September 25, 2015 / 5:08 PM / 3 years ago

INVESTMENT FOCUS-Smaller miners more exposed to crisis

* Small, mid-cap miners face deep output cuts

* Mining giants better equipped to tackle crisis

* Profit margins hover near record lows

By Atul Prakash

LONDON, Sept 25 (Reuters) - Investors in smaller mining companies are likely to suffer further losses as the recent plunge in commodities prices to multi-year lows pushes some firms to the brink of extinction.

Without the heft of a Glencore, which has suspended dividends, issued new shares and plans asset sales to cut debt after its share price plunged 60 percent in three months, smaller players may struggle to raise new funds.

That has prompted some analysts to advise investors to stay away from the sector, even though they say a rebalancing of demand and supply could underpin metals prices and improve the prospects of basic resources companies in the longer term.

“The market has to adjust so demand and supply come back into balance. Current developments in commodity prices suggest that it is going to happen faster than people had expected,” said Tom Gidley-Kitchin, mining analyst at Charles Stanley.

“Smaller miners tend to get lower quality assets and lower margins and are more focused on exploration than mining. That’s not something people are interested in funding at the moment.”

Shares in small-cap company Lonmin, once a FTSE 100 constituent, have sunk nearly 90 percent this year, while First Quantum Minerals has lost about two-thirds of its share price as investors fret about their earnings and margins.

In contrast, global diversified mining giants like Rio Tinto and BHP Billiton are down around 20 percent. They have outperformed Glencore, whose shares plunged to an all-time low on Friday despite its more diversified earnings stream from mining and trading.

Earlier this month, Oracle Mining defaulted on some loan agreement covenants, while Incwala Platinum got some funds from WPL to meet covenants and other obligations.

As tanking commodity prices hit profit margins, smaller players’ reliance mainly on single commodities and heavy dependence on lending are making life even harder for them, analysts said.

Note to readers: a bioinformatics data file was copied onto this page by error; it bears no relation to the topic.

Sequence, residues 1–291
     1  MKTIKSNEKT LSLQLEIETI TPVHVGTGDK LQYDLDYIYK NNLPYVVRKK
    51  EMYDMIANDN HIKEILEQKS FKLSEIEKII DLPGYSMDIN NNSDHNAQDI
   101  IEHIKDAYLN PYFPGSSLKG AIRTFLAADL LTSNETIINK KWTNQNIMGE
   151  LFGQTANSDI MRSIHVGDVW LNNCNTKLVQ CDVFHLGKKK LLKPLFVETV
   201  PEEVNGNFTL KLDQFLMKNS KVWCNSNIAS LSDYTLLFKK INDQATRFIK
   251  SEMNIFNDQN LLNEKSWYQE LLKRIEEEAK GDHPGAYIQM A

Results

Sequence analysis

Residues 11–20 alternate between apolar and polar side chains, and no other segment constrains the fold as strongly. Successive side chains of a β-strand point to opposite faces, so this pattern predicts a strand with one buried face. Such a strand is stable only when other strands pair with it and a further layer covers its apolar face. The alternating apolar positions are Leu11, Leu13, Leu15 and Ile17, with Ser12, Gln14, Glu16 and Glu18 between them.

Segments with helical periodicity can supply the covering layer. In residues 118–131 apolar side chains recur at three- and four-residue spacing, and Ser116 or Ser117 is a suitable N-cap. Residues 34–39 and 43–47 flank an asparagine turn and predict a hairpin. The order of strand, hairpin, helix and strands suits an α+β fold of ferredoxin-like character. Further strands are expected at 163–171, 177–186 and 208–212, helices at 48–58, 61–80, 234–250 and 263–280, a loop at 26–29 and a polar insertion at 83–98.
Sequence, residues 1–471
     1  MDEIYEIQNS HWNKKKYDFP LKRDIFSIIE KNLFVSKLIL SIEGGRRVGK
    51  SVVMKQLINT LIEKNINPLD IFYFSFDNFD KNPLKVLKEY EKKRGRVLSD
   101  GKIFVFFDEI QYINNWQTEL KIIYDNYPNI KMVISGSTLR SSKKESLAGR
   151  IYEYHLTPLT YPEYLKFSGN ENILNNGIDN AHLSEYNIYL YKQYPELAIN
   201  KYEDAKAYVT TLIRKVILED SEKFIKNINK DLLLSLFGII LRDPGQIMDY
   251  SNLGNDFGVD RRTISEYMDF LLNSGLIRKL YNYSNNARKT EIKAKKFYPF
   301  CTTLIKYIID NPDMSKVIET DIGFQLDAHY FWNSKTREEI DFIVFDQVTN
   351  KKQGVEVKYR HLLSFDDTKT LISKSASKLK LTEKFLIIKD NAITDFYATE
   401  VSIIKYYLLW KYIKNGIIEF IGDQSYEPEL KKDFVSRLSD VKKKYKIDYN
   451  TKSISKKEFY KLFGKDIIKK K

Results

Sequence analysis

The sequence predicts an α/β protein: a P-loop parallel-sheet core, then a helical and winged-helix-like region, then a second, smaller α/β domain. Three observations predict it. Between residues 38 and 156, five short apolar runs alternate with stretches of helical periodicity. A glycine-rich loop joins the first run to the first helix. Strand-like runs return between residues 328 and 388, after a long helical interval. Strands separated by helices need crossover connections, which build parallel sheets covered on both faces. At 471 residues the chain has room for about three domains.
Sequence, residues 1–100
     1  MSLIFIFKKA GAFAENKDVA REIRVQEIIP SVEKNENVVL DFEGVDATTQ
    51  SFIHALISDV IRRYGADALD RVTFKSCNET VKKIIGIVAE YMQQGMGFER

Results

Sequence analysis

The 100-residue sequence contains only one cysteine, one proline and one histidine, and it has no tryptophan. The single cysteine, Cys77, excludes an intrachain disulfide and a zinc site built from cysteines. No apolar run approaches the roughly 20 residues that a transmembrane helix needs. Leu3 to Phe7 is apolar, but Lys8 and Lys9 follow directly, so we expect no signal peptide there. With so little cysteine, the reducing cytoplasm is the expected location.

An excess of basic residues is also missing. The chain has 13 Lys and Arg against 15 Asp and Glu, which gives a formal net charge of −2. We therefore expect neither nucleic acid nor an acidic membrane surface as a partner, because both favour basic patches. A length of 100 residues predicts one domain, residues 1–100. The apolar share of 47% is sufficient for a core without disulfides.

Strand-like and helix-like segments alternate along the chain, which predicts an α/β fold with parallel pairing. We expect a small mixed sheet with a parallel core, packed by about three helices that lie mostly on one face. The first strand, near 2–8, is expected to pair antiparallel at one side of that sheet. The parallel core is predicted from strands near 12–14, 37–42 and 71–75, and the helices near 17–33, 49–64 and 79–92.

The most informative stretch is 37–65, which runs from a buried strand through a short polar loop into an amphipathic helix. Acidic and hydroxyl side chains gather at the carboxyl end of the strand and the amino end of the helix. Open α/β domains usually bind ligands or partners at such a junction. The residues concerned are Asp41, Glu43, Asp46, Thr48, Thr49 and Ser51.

According to Thomson Reuters Datastream, profit margins of European miners have been hovering near record lows, having fallen to about 11 percent from 17 percent at the start of the year and from a high of 45 percent in 2011.

“It’s not a good time to get back into the sector. As long as commodity prices stay weak and economic concerns remain there, I don’t think investors should include miners in their portfolios,” Christian Stocker, strategist at UniCredit, said.

Gidley-Kitchin of Charles Stanley also said it was too risky at this stage to add holdings in the sector as earnings were going to take a lot of time to recover, but added that large-cap players had relatively better prospects.


Didier Duret, global chief investment officer at ABN AMRO Private Banking, which manages about $500 billion, said there would be a lot of “supply destruction”.

“This is a very unfavourable environment for smaller players for sure. Some mining companies are going to be bankrupt.”

Some early-stage mining companies hit particularly hard by the plunge in metals prices — copper is at a six-year low — are shifting away from exploration and starting new ventures ranging from exporting eggs to medical marijuana farming.

These firms typically find the deposits that larger miners acquire and develop into mines. Their search for alternative ventures has given rise to concerns that when prices eventually rebound, there will be fewer junior miners and a reduced pool of new mine prospects.

“If you are not working on the 100 percent capacity, there is really not a point in running them at all,” Liberum mining analyst Benjamin Davis said. “It’s not a case of pulling back. It’s either full steam ahead or not at all.”

Earlier this month, Goldcorp cut its 2015 production forecast for its newest mine, the Eleonore gold mine in Quebec, while in July, Canadian miner Teck Resources said it needed to cut another 10 million tonnes of production.

Editing by Catherine Evans

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